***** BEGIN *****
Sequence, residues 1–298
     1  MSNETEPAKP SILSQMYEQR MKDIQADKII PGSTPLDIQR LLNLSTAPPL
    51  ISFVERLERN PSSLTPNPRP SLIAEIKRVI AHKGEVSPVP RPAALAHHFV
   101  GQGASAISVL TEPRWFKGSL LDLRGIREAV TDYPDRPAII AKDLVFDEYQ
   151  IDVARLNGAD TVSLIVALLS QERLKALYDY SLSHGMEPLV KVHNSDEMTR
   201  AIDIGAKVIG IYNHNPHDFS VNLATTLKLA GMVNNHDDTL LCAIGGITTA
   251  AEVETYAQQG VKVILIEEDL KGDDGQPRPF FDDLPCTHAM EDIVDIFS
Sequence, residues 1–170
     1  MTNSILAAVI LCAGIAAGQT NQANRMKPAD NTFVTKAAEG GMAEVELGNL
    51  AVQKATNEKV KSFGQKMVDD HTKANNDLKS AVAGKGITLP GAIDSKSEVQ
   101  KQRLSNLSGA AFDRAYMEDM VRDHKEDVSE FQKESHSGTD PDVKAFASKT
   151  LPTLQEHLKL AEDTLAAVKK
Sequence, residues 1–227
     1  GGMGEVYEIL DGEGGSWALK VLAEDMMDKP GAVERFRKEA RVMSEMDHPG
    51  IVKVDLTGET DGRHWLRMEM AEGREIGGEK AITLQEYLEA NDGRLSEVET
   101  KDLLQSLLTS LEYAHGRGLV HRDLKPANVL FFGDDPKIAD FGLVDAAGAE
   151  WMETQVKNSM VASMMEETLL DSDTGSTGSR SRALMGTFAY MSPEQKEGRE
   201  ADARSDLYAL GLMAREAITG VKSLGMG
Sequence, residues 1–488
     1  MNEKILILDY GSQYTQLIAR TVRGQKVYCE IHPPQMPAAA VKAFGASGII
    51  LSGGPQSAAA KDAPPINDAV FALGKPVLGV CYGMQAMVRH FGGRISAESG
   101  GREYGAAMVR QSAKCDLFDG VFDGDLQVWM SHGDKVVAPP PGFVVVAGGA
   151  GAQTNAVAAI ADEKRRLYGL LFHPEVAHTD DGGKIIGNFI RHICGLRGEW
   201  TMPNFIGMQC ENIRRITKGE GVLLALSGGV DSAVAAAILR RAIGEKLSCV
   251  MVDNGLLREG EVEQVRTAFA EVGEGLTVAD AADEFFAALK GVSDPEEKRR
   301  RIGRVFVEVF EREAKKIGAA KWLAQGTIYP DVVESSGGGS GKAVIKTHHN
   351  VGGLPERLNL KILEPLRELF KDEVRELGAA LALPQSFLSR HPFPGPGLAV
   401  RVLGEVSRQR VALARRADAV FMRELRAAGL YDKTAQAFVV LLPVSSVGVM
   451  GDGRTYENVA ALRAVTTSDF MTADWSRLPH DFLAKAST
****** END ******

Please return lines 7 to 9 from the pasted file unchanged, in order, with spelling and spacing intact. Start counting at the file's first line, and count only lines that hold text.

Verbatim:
   251  AEVETYAQQG VKVILIEEDL KGDDGQPRPF FDDLPCTHAM EDIVDIFS
Sequence, residues 1–170
     1  MTNSILAAVI LCAGIAAGQT NQANRMKPAD NTFVTKAAEG GMAEVELGNL